The Imperfection of Language: Festo Sets a Forseeability Bar for Presecution History Estoppel
October 1, 2002David B. Walker
In its recent decision in Festo Corp. v. Shoketsu Kinzoku Kogyo Kabushiki Co., Ltd (“Festo II”), the United States Supreme Court established a new balance between two significant and competing doctrines in patent law, the doctrine of equivalents and prosecution history estoppel.The long-standing balance between these two doctrines was unsettled by the decision below, in which the United States Court of Appeals for the Federal Circuit (“Federal Circuit”) rejected the “flexible bar” of its prior precedent2 as unworkable and adopted a “complete bar.” In Festo II, the Supreme Court announces a guiding principle—the imperfection of language—to govern the balancing of the competing doctrines while satisfying the incentive and notice functions of the patent system. Applying that principle, the Court rejects the complete bar established by the court below and instead adopts a foreseeability bar to govern the application of prosecution history estoppel. The foreseeability bar does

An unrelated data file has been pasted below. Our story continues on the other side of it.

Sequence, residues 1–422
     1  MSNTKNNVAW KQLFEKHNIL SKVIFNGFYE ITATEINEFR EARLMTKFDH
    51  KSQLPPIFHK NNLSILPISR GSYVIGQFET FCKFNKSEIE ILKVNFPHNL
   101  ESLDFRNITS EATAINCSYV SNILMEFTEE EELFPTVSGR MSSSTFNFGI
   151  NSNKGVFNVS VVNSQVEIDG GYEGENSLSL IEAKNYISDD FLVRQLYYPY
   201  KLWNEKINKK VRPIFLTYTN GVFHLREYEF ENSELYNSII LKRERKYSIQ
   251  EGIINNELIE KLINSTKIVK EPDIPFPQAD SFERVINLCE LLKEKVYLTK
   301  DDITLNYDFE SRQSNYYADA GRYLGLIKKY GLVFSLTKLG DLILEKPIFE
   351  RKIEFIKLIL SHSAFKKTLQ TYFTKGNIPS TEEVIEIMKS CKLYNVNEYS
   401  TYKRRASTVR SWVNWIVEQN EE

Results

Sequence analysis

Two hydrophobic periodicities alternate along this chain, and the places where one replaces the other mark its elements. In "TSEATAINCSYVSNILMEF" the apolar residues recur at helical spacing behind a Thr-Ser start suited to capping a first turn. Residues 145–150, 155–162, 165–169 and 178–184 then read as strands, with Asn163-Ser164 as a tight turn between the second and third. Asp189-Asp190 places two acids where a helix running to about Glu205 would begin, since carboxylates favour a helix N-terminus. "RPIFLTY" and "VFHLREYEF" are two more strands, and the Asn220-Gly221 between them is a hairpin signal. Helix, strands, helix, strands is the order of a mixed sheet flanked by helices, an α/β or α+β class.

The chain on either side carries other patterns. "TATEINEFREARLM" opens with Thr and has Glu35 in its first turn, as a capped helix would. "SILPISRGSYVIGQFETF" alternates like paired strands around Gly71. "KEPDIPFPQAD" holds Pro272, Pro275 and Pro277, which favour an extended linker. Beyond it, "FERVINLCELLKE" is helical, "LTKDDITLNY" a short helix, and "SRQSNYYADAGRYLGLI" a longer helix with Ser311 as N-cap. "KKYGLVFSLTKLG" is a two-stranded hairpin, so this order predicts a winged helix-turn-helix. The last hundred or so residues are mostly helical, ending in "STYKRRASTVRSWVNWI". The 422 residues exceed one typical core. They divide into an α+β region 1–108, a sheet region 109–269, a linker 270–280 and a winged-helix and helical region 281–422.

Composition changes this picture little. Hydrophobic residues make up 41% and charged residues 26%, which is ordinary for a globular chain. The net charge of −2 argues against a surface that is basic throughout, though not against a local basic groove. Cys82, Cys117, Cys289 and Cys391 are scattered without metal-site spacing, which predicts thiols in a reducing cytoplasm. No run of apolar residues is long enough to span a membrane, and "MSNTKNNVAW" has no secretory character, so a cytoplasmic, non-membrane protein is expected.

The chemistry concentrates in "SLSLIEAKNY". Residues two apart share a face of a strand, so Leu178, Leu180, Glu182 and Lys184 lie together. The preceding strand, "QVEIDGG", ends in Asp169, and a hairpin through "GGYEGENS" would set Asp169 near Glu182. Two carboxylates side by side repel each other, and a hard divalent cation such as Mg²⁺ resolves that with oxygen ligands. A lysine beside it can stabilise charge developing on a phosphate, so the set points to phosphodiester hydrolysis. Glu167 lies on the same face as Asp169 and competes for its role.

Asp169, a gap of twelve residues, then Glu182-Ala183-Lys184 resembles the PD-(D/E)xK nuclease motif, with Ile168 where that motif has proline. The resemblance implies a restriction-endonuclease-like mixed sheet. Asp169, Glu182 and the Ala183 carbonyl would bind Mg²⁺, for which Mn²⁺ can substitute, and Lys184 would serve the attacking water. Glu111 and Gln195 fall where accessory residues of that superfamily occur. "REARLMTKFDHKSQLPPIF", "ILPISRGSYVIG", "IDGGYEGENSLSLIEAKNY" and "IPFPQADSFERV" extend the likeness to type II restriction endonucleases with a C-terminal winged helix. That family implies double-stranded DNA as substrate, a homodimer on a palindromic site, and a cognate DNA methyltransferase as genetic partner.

not bar all equivalents to elements narrowed by patentabilitybased amendments as did the complete bar, but does apply a sufficiently heightened standard compared to the flexible bar to be more “complete” than “flexible.” Although the new standard follows a substantially different path to determine the application and scope of estoppel than the complete bar, the foreseeability bar applies prosecution history estoppel so stringently that a limited number of cases likely will meet its strict standards for the availability of equivalents to amended claim elements.